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The 411: For the past 106 years, Mental Health America has been the nation’s leading non-profit committed to reducing the stigma around mental illness and promoting open dialogues, with a particular focus on the LGBTQ community.
Mental illness is often a sensitive topic that people would rather avoid discussing, especially those who are personally affected and fear judgment from others. It can be even harder for teens, in particular LGBTQ youth, who may already be facing discrimination for other reasons.
Mental Health America is there to make these conversations easier and provide the best resources and support you could ever find.
Not only is MHA celebrating its 106th birthday this year, but the respected organization is also celebrating Mental Health Month, a campaign they created 50 years ago with the hopes of encouraging Americans to openly talk about mental illness and live mentally healthier lives.
Much of MHA’s work focuses on promoting mental health as an important part of overall health, including prevention services, intervention tools, integrated care and a “Before Stage 4” philosophy — treating mental health conditions before they reach a crisis phase.
MHA was established by former psychiatric patient Clifford W. Beers. During his stays in public and private institutions, Beers witnessed and was subjected to horrible abuse. From these experiences, Beers set into motion a reform movement that took shape as Mental Health America.
“MHA was founded by an individual, so MHA tries to always focus on those individual rights when addressing mental health and mental illness,” said Erin Wallace, senior director of communications and marketing. “We try to balance what we advocate for and what we support based on what individuals with mental health concerns need. We need to focus on their rights as well as the rights of the overall population.”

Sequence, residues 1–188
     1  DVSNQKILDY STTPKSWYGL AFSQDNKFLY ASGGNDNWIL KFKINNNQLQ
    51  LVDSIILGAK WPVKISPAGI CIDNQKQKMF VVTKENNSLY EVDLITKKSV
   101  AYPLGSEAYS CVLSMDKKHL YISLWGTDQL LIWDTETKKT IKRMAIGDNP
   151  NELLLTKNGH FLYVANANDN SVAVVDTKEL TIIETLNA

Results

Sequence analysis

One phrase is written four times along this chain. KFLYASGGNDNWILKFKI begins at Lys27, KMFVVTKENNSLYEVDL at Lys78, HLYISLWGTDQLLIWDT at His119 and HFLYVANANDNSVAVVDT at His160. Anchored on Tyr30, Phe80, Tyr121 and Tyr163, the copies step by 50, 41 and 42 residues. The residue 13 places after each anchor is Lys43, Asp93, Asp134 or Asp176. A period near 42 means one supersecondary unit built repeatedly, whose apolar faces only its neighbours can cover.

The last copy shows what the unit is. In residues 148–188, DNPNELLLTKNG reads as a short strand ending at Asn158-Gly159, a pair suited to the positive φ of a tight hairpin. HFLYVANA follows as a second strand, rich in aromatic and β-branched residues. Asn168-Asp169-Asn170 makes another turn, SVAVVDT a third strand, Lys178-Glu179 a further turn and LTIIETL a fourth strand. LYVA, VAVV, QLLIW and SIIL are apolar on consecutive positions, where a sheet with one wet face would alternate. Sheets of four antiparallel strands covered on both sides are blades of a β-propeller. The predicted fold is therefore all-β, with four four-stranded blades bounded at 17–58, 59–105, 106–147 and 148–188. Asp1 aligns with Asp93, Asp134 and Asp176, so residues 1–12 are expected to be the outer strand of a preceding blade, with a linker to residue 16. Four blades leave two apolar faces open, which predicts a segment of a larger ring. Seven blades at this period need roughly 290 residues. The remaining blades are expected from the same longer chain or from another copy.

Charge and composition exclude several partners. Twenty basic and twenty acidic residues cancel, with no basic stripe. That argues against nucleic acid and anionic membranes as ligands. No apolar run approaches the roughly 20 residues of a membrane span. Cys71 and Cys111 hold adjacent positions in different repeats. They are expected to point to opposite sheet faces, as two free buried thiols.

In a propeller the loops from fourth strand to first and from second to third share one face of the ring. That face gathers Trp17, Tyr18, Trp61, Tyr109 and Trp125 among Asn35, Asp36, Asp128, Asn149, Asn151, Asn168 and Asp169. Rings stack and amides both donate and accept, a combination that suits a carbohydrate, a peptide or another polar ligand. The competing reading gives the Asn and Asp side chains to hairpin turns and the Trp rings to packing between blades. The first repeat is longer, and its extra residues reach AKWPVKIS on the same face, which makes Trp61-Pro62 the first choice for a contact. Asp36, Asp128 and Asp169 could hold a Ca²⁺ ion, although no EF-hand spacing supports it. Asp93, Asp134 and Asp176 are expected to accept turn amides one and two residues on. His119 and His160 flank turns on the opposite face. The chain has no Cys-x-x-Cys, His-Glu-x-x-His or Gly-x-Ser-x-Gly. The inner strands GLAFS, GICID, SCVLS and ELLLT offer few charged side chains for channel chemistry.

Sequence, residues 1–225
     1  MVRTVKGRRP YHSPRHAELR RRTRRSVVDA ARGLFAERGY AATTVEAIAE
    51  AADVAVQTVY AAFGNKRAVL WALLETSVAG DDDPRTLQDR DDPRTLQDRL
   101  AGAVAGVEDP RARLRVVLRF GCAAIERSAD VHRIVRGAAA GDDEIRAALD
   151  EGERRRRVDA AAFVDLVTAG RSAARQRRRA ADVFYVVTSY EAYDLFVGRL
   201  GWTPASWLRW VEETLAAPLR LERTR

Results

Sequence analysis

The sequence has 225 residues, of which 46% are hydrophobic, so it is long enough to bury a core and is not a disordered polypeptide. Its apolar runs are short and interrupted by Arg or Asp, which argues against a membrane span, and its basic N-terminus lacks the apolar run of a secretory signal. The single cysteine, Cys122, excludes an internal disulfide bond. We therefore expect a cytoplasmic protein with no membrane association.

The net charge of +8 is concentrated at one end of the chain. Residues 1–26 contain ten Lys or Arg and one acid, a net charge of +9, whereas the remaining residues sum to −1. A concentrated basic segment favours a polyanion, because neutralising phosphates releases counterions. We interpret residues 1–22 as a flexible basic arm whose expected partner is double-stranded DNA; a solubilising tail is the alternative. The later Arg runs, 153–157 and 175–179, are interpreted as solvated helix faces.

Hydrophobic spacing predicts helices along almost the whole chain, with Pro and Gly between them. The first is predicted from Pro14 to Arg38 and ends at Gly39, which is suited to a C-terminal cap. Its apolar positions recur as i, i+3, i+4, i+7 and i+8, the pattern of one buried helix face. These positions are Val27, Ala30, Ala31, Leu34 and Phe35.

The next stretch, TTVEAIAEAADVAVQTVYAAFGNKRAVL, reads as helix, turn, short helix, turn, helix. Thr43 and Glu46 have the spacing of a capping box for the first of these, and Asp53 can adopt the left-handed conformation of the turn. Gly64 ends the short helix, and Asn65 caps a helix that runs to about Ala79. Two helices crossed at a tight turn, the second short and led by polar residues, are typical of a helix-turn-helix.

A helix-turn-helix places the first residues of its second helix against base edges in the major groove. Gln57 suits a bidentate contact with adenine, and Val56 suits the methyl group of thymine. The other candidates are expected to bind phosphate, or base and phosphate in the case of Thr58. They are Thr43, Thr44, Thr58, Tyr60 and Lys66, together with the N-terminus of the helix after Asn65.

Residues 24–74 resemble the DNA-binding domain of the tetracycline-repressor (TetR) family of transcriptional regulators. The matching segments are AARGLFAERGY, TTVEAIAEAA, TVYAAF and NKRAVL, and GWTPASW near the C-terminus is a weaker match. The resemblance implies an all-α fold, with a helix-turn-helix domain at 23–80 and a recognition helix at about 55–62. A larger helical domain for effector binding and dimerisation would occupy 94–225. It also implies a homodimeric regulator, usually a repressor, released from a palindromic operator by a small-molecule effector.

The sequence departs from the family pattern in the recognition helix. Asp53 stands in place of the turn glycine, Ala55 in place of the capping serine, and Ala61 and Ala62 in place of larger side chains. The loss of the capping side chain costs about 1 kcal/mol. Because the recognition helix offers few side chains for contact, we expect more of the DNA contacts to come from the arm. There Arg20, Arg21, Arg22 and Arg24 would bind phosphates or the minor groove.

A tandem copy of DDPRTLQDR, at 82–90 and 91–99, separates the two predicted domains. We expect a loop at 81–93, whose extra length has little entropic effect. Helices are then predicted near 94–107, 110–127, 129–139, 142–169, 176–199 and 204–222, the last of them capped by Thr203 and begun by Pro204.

With the help of more than 200 affiliates in 41 states, 6,500 affiliate staff and more than 10,000 volunteers, MHA is able to stay ahead of the curve and make an impact at a state and federal level, including working to introduce legislation that would strengthen protection around LGBTQ youth who are in treatment.
“We know they are vulnerable and are not necessarily treated the way others are,” Wallace said.
In this same vein, MHA has created several public education campaigns over the years that focus on LGBTQ bullying and the impact it has on mental health, including depression and suicidal tendencies, which can often be magnified because this community has historically been discriminated against more often than non-LGBTQ teens.
And it’s that kind of discrimination that motivates MHA to keep evolving, including creating new online screening tools that help people look for signs of depression, anxiety, bipolar disorder and more.
Since the April 2014 launch of its online screening tools, MHA is seeing almost 1,000 screens being completed per day. While most of these screenings are geared toward adults, MHA also has plans for screens designed for youths and hopes to introduce more in the future.
“It’s certainly a population that can be more vulnerable to mental health concerns,” she said. “People are seeking answers, and what we would like to do moving forward is take that next step in helping them. We want to provide as many resources and as many avenues for them as possible to seek treatment.”
With Mental Health Month and their annual conference coming up in June, MHA continues to solidify itself as a go-to resource now and for years to come.
Their main goal going forward will be to encourage people to live with the “Before Stage 4” mindset, and they’ll do that by reviewing and possibly updating past campaigns, such as “What Does Gay Mean?”, and taking the mental health movement to a place where people address illness before it becomes a serious issue, which includes getting schools, law enforcement, peer groups and more involved.
“A lot of mental health symptoms happen for 10 years before there’s a psychotic break, before people do anything about it, and because it’s coupled with the stigma of mental illness, many people have been suffering silently for so long until something dramatic happens,” Wallace said. “One of the things that we’re emphasizing both from a communications perspective and a policy perspective is to focus on intervention and innovation before stage four and highlighting programs that get to the full spectrum of mental health.”
To learn more about Mental Health America and take part in Mental Health Month, visit www.mentalhealthamerica.net.